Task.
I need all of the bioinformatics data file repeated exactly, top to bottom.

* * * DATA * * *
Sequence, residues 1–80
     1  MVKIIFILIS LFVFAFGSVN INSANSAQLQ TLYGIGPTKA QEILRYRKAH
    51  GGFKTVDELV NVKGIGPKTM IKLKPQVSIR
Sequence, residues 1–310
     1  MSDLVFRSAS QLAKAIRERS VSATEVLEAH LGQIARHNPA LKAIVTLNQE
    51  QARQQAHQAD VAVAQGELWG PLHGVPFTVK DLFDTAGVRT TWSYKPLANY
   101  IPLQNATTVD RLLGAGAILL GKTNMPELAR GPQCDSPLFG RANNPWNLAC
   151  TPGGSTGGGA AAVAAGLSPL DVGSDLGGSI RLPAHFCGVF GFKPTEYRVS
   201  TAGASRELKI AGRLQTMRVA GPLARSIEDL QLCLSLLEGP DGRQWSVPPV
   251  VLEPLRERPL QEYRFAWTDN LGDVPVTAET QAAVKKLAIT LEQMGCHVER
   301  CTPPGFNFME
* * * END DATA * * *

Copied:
Sequence, residues 1–80
     1  MVKIIFILIS LFVFAFGSVN INSANSAQLQ TLYGIGPTKA QEILRYRKAH
    51  GGFKTVDELV NVKGIGPKTM IKLKPQVSIR
Sequence, residues 1–310
     1  MSDLVFRSAS QLAKAIRERS VSATEVLEAH LGQIARHNPA LKAIVTLNQE
    51  QARQQAHQAD VAVAQGELWG PLHGVPFTVK DLFDTAGVRT TWSYKPLANY
   101  IPLQNATTVD RLLGAGAILL GKTNMPELAR GPQCDSPLFG RANNPWNLAC
   151  TPGGSTGGGA AAVAAGLSPL DVGSDLGGSI RLPAHFCGVF GFKPTEYRVS
   201  TAGASRELKI AGRLQTMRVA GPLARSIEDL QLCLSLLEGP DGRQWSVPPV
   251  VLEPLRERPL QEYRFAWTDN LGDVPVTAET QAAVKKLAIT LEQMGCHVER
   301  CTPPGFNFME